What is “recovery”? As a policy reform advocate, I was fortunate to have an in-depth conversation with the Director of the new Office of Recovery branch of SAMHSA. This is a critical time to move forward and have policymakers and the public agree on what recovery means for millions upon millions—as the overdose death toll rises, and the clock ticks, and billions pour in from the American Rescue Plan.
As recently as the War on Drugs, we have seen plain definitions of this word radically change our lives. These debates weave through our history. Each new definition carries the same potential when policymakers and politicians use the term to guide services to people with a substance use disorder (SUD). So, I share my experience as a person in recovery, as a former prosecutor, and as an advocate for reform. Like getting well itself, the road is not singular, direct, or uniform.
Our country began on a road to ruin when it decided that people who used drugs and had substance use disorders were criminals. Their policies incarcerated the sick, devastated the poor, and divided our people. Key decisions of their fate were steered, in part, by understandings of recovery that defy the facts. While we may not yet agree on what recovery is quite yet, we know what doesn’t work.
A Road to Public Ruin
Early on, we chose the traditional view: Recovery as abstinence from all drugs (and alcohol). Unfortunately, this definition fails to mention all the positive changes that come about before you reach that perfect sobriety. It neglects to acknowledge that everyone’s experience with substances is different. And, it declines to admit that it treats addiction as somehow separate from every other mental health disorder—punishing, stigmatizing, and excluding it from compassionate care.
What lies at the end of this definition’s rope is our current reality. We see hundreds of thousands of preventable deaths each year. We witness coercive treatment that doesn’t work. We hear endless tales about the evils of morally corrupt “addicts”—without any idea about how to change our situation. Some ask for harsher sentences and stricter conditions. These voices are begging to hit bottom and continue the alienating practices that have led us here.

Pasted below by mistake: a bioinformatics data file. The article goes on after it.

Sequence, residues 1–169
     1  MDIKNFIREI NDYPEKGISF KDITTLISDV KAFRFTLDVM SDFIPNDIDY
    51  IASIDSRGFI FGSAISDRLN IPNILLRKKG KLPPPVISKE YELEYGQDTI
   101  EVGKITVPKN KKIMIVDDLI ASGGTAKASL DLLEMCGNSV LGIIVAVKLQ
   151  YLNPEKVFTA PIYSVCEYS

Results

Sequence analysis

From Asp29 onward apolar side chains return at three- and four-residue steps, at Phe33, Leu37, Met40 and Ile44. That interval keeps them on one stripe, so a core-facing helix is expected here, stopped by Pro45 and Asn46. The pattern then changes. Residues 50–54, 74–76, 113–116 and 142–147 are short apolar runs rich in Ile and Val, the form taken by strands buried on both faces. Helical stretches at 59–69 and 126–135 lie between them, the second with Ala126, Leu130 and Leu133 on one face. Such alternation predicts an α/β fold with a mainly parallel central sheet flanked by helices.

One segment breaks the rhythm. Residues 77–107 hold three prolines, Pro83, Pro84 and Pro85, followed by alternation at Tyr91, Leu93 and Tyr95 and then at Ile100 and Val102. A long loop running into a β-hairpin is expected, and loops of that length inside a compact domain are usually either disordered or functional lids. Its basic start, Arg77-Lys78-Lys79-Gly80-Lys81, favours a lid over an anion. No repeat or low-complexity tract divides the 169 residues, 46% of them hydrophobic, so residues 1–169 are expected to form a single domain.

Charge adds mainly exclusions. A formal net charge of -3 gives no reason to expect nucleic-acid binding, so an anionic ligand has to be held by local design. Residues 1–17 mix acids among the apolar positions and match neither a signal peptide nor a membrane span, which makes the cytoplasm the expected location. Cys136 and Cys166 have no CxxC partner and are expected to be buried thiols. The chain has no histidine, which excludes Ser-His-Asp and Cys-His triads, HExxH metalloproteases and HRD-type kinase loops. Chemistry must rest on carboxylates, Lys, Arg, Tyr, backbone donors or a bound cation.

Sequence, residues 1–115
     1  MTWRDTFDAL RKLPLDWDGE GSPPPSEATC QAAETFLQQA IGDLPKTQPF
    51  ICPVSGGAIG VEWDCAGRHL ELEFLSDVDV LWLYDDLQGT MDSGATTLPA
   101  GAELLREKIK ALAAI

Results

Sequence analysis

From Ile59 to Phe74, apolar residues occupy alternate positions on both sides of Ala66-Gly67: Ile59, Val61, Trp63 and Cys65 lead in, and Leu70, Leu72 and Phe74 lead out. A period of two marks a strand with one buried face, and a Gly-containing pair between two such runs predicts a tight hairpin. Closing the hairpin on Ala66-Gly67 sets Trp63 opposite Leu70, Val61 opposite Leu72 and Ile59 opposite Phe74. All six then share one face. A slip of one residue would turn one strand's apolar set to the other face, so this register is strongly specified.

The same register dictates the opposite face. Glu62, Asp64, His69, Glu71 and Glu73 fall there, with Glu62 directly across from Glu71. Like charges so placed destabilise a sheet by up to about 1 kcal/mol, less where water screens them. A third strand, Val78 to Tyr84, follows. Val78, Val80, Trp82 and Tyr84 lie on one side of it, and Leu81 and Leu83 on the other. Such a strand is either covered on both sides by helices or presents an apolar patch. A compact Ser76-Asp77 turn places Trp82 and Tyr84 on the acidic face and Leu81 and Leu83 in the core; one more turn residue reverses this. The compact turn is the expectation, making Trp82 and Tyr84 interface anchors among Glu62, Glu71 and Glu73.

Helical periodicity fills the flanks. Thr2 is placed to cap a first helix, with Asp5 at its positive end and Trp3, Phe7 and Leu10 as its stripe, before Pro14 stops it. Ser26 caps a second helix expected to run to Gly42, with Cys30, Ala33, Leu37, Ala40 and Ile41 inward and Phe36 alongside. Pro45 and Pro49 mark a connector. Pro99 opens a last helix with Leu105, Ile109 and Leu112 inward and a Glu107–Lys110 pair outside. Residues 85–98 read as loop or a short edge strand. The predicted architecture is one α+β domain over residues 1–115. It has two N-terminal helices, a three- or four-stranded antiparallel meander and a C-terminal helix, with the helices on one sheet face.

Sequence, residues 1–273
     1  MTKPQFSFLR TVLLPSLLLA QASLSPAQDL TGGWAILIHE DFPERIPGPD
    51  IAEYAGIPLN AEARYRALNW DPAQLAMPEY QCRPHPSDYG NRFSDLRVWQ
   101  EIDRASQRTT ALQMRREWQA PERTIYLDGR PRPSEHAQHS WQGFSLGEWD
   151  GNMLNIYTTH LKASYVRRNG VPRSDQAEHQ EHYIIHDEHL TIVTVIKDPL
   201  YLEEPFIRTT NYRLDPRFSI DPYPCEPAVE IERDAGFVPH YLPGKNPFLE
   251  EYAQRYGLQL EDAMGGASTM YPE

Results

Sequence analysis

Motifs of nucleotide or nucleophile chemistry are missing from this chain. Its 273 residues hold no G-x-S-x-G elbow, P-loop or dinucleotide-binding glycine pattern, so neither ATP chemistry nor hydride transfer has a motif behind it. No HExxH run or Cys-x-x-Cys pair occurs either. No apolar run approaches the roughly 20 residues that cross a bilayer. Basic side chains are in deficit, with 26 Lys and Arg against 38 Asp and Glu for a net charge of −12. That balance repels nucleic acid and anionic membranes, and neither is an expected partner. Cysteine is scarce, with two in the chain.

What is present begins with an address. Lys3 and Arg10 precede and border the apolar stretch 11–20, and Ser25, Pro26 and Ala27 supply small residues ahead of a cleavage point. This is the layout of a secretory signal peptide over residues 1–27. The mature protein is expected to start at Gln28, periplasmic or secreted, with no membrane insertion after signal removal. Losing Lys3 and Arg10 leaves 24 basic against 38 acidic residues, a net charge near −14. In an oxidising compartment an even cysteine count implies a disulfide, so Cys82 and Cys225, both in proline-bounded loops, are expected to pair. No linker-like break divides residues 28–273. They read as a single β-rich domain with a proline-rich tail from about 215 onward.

The truth is every step counts. Abstinence-only thinking leaves out all the ways that we can come closer to sobriety—in our own way. Addiction—like all other mental and physical health disorders—exists on the spectrum: people can recover from one dangerous area of their drug use without complete sobriety. We must recognize small victories as recovery. When we do, it motivates more positive change.
In our work at Indiana Center for Recovery, we recognize the autonomy of the person in front of us: in wanting better for themselves, they are already in recovery. And, that’s why SAMHSA uses “quality of life” as its measure of recovery.
A Path of Lesser Pain
Politicians, your grandfather, or your priest may not agree with this, but SAMHSA defines recovery as “a process of change” t.
This definition emphasizes that recovery is a process, rather than a state of achievement. In that sense, it is never finished. And, in harm reduction, we are never finished making the world a safer place to be. We already practice the principle: we always wear our seatbelts, we avoid too much sugar, and we stay home in the pandemic. People with SUDs need us to recognize their humanity—beyond the question of whether they used drugs today—and offer them help as we do with anxiety, depression, and medical disorders.
We must wake up: A person who uses drugs is a person. Those who use drugs with a SUD have the right to care as well as life-saving therapies—just like any other. When we let people choose their care and decide what they need to improve their lives, we see better outcomes because hope takes root: there is a path of lesser pain for everyone. The research is there.
A Return to Freedom
As a former Cook County prosecutor, I think back to the legal definition of recovery as a “getting back” and “vindication of a right.” It means that you have been made whole and recognized in a final judgment. So, what is there to win when I say, “I am in recovery”? I return to my human bond with every other American. It is a way of showing that I am a part of the story rather than some villain or hopeless soul.
When we define recovery as a process, a step toward progress, and a way of being—we fight the stigma that has isolated us from each other. I’m in full support of all means necessary to achieve wellness, and we must give a voice back to the “addicted”—those we have spoken for.
We all want to recover. Many of us are in recovery. And, many more should have the chance to live in freedom from addiction. It begins by seeing the humanity of addiction and remembering that in our care for the disease—and in our words.
Chad is co-founder and executive director at MoNetwork. He is also Director of Government and Public Relations at Indiana Center for Recovery, a healthcare leader using the latest, evidence-based practices to treat substance use and co-occurring mental health disorders.